— The Italians • Frances Elliot

... of Nuremberg is the well-known "Goose Man" fountain, by Labenwolf. Every traveller has seen the quaint half-foolish little man, as he stands there holding his two geese who politely turn away their heads in order to produce ...
— Arts and Crafts in the Middle Ages • Julia De Wolf Addison

... rounded and alike. There were two rudders at each end, one on each hull, alongside the race. The eight paddle blades, each 14-1/2 feet by 3 feet, turned in either direction by stopping the engine piston at half-stroke and reversing the flow of steam. Rigged with two lateen sails and two jibs, the ship sailed either end first. The engine of 120 hp was in one hull and two boilers were in the other. Other sources, Marestier, and Colden in Proces-verbaux des Seances de l'Academie des Sciences,[14] ...
— Fulton's "Steam Battery": Blockship and Catamaran • Howard I. Chapelle

... speaking, was known among the Six Nations. They were alike surprised and interested when the old chief, in their presence, after much consideration, gradually drew forth from the stores of his memory the proofs of an accomplishment which had probably lain unused for more than half ...
— Sign Language Among North American Indians Compared With That Among Other Peoples And Deaf-Mutes • Garrick Mallery

... moderated by prevailing southwest winds over the North Atlantic Current; more than one-half of ...
— The 2003 CIA World Factbook • United States. Central Intelligence Agency

... of eggs, and the like, to send, I take 'em to a store run by a young feller that I always did like. Jasper Long is his name. He got his start by the hardest licks that was ever dealt by a poor boy. He was a half-orphan, and had to take care of his old mother till she died and left him all alone. He drove a dray about town till he was twenty, and with money he'd saved he set up for himself in business. He's the wonder of the town now, for he made money hand over fist. He's hitched on a brick ...
— Dixie Hart • Will N. Harben

... cannot stay one Moment. An Affair of Importance requires my Presence. It is an Appointment which I had entirely forgot when I came hither. I am sure I have been staid for this Half Hour. ...
— An Enquiry into the Origin of Honour, and the Usefulness of Christianity in War • Bernard Mandeville

... to know, and he answered all her questions, and told her strange and wonderful things, so that after she had seen all his palace, and his servants, and the service of his table, and the beautiful ascent by which he went up to the temple, she said that the half had never been told her in her own country. They exchanged costly presents, and she went back ...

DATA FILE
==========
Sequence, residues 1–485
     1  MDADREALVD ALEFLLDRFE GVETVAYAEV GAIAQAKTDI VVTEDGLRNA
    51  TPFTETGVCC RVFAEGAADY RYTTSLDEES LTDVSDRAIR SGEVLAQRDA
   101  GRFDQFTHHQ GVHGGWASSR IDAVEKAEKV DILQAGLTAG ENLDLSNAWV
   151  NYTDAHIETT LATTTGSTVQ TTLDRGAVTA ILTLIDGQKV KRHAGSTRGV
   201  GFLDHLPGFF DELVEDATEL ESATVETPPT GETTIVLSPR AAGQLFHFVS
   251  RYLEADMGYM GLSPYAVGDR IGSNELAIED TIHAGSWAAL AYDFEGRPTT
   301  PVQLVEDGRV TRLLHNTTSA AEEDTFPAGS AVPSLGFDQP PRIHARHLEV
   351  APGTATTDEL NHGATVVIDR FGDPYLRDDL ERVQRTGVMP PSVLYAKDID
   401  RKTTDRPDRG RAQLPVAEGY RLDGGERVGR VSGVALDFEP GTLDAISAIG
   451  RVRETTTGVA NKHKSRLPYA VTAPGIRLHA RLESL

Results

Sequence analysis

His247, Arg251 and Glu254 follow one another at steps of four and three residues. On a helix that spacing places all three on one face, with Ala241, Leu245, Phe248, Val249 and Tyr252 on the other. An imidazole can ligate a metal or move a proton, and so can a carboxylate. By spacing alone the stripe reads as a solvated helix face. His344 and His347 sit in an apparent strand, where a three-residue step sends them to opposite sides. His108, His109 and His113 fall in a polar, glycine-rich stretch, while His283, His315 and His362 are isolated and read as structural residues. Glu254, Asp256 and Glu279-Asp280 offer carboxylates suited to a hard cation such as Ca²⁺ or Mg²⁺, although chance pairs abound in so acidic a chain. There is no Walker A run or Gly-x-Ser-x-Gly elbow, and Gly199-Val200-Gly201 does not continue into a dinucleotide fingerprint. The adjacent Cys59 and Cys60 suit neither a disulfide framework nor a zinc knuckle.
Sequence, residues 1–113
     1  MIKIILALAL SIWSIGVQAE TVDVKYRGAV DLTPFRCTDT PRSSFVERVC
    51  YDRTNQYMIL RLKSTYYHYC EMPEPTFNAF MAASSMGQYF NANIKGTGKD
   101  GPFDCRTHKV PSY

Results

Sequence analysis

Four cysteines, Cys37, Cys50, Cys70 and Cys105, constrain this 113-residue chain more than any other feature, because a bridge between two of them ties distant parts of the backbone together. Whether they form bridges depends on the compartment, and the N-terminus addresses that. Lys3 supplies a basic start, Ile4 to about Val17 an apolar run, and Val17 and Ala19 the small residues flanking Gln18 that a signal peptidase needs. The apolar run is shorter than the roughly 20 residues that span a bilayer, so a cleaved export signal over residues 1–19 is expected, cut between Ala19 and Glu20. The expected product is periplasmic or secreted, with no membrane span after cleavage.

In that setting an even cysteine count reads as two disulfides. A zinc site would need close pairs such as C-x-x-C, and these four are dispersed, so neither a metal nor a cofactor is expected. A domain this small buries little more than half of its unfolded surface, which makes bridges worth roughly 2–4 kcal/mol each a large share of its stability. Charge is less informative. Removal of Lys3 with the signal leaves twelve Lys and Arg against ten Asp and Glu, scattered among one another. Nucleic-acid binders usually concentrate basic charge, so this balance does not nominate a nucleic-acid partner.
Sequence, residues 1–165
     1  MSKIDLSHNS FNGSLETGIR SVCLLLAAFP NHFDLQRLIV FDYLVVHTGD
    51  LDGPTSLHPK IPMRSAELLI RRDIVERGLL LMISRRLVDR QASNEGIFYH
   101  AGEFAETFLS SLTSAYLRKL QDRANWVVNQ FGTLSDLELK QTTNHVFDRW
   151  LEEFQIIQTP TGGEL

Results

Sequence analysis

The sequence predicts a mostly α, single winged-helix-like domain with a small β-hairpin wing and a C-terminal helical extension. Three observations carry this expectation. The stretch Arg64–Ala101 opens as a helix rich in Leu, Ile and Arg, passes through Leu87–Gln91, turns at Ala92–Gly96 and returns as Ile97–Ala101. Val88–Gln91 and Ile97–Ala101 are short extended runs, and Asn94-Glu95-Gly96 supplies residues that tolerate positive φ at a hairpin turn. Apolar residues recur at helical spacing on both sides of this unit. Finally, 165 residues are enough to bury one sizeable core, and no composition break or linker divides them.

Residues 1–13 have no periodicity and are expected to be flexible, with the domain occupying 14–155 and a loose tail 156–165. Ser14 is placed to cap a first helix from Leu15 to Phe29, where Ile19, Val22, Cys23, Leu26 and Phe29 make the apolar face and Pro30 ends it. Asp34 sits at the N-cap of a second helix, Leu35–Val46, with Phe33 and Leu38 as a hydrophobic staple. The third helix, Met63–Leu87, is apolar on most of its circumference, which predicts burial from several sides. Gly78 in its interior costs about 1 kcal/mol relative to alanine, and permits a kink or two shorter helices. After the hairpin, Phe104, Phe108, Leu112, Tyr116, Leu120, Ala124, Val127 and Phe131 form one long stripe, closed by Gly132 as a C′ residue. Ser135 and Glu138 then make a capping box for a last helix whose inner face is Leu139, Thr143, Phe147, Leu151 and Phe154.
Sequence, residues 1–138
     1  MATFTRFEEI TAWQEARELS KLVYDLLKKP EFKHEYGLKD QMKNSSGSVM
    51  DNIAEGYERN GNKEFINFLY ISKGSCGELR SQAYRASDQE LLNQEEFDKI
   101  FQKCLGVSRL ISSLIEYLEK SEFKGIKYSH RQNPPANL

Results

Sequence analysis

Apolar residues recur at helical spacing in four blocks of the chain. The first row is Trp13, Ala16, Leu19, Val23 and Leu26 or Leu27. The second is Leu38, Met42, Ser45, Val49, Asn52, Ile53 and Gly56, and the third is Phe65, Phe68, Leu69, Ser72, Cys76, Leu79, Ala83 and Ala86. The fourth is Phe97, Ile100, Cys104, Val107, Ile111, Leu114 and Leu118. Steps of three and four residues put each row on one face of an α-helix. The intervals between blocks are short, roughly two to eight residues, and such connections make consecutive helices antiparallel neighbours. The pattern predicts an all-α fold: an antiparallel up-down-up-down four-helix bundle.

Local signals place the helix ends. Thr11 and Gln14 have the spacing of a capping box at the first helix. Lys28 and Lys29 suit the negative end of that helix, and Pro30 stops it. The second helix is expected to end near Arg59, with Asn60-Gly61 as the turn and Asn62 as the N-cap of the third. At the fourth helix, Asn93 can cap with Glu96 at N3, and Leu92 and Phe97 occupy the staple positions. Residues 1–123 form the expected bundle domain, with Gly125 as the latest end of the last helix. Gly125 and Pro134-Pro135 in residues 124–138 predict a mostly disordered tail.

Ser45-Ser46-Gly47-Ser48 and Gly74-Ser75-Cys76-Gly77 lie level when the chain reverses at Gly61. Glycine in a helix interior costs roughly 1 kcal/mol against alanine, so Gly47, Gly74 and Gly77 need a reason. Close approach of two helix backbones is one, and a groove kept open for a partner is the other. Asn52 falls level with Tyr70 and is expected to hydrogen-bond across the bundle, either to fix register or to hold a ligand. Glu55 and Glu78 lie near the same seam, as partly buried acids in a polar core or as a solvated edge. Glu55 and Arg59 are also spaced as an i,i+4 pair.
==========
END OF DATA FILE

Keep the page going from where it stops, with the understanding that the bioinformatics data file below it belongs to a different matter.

— Child's Story of the Bible • Mary A. Lathbury

... Lane)—which she gave me, I say, wrapped up in a bit of silver paper. There was something in the purse, too, if the truth must be known. First there was a thick curl of the glossiest blackest hair you ever saw in your life, and next there was threepence: that is to say, the half of a silver sixpence hanging by a little necklace of blue riband. Ah, but I knew where the other half of the sixpence was, and envied that happy ...
— The History of Samuel Titmarsh - and the Great Hoggarty Diamond • William Makepeace Thackeray

... of the winds, and stallions speed beneath him when he, charioting his horses and golden-yoked car, drives down through heaven to ocean. Hail, Prince, and of thy grace grant me livelihood enough; beginning from thee I shall sing the race of heroes half divine, whose deeds the Goddesses ...
— The Homeric Hymns - A New Prose Translation; and Essays, Literary and Mythological • Andrew Lang

... points of the compass. Happily they discovered the faint trace of footprints—evidently made by Raikes. So they followed them in the reasonable belief that they would lead to the settlement of Wytopitlock. But half an hour later the trail seemed to melt away, and after a vain search for it the boys pushed ...
— The Camp in the Snow - Besiedged by Danger • William Murray Graydon

... sin is not remitted without actual sin being remitted also: because "it is wicked to hope for half forgiveness from God," as Augustine says (De Vera et Falsa Poenit. ix). But we read nowhere of circumcision as remitting actual sin. Therefore neither did it ...
— Summa Theologica, Part III (Tertia Pars) - From the Complete American Edition • Thomas Aquinas



Words linked to "Half" :   basketball game, play, common fraction, football, simple fraction, hoops, football game, incomplete, fractional, playing period, period of play, fifty percent, basketball, section, part, whole, mediety, uncomplete, moiety, division